ACLU has revealed some internal documents that say all the Americans have no privacy in their Facebook chat data, e-mail messages and some other internet communication tools. According to this, IRS has claimed they can read your e-mails without a warrant. We knew that we are under pressure in our privacy but this?
These documents, prepared by some IRS lawyers say that they can peruse your private messages or e-mails without a warrant which is normally signed by a judge. This has placed the IRS right between those legislators and many judges who believe that all the Americans who use e-mails for private conversation should be protected by any means from this kind of search without warrant and by the same standards of the Fourth Amendment privacy. These standards require at least search warrant for the user’s hard drives at home or some kind of physical letter filled in a cabinet.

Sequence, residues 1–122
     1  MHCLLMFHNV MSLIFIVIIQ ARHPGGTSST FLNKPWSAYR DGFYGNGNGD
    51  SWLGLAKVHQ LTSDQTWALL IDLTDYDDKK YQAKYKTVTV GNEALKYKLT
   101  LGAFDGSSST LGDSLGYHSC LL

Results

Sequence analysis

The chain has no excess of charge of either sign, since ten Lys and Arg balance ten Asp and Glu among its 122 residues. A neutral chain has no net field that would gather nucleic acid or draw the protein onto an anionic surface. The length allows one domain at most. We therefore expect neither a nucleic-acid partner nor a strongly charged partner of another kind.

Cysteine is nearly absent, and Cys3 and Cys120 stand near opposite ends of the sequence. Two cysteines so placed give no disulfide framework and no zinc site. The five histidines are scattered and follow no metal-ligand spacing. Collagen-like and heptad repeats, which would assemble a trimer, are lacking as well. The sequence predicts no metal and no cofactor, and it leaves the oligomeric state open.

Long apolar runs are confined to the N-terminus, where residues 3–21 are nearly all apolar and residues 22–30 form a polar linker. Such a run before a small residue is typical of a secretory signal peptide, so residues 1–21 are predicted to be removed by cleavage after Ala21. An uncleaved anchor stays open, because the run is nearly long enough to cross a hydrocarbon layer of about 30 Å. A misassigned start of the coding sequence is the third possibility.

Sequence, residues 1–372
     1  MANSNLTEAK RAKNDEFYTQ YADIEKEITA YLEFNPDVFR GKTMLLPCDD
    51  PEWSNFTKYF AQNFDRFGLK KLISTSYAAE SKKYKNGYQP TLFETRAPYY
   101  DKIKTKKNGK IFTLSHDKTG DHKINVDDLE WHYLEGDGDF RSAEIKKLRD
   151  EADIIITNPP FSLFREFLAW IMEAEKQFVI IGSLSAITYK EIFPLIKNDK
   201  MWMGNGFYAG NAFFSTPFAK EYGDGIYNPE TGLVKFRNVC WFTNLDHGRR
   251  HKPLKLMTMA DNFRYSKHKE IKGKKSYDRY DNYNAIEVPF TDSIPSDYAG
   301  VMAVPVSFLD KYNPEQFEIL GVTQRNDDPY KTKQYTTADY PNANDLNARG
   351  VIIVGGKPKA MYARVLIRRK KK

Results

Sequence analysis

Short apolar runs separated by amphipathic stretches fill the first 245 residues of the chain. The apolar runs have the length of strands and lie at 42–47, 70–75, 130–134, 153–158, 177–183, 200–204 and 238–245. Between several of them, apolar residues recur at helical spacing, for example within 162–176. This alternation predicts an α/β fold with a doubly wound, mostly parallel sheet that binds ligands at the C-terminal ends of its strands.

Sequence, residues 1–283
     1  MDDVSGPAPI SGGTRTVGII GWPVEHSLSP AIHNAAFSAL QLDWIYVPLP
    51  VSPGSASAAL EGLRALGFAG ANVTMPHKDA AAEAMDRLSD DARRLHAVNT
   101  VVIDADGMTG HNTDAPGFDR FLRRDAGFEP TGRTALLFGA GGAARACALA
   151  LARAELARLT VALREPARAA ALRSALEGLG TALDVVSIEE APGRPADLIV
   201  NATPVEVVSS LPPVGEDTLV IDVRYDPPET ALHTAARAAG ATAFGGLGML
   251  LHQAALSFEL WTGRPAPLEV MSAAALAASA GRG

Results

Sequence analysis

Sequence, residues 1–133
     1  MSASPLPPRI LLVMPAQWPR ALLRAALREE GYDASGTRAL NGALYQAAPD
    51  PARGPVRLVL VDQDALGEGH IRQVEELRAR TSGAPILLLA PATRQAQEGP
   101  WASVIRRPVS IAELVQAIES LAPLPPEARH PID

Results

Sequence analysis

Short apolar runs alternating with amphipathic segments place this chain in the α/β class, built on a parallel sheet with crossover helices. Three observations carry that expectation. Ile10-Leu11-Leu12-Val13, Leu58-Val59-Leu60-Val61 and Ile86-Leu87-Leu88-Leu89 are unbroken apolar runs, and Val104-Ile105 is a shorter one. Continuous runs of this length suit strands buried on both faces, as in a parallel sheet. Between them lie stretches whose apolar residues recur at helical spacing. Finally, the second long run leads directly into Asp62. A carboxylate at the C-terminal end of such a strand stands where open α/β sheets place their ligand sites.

A Search Warrant Handbook which is obtained by the ACLU for IRS in 2009 argues that email messages and other kinds of transmissions have lost the expectation of privacy and with this the Fourth Amendment protection is lost also in the process. A Criminal tax division placed by the Office of Chief Counsel has created this handbook at first place and it was obtained by Freedom of Information Act.
Nathan Wessler who is an attorney at ACLU said that all this violates the Fourth Amendment. He added that he truly hopes you will not be on the wrong end by some IRS tax investigation. And he warns that if you find yourself there, IRS would without any warrant violate the Fourth Amendment and without any warrant will search through your emails and other private messages.
Earlier in March, 2011 an update to the manual of IRS which was published four months after the decision by Warshak, indicates that nothing was changed back then and all the investigators can access and obtain every which they can find in an account but unopened e-mails or voice messages must be untouched without a warrant.
All the companies like Apple, eBay, Intel, AT&T, Amazon, Microsoft and even Twitter have asked the Congress to make a several updates to the Privacy Act for Electronic Communication from 1986 just to make clear that the law will need a warrant in order to access in private electronic communication.
Back in November, 2012 requirement for an e-mail warrant was approved from a Senate panel. Even last month, a similar legislation was introduced from Zoe Lofgren representative from the Silicon Valley.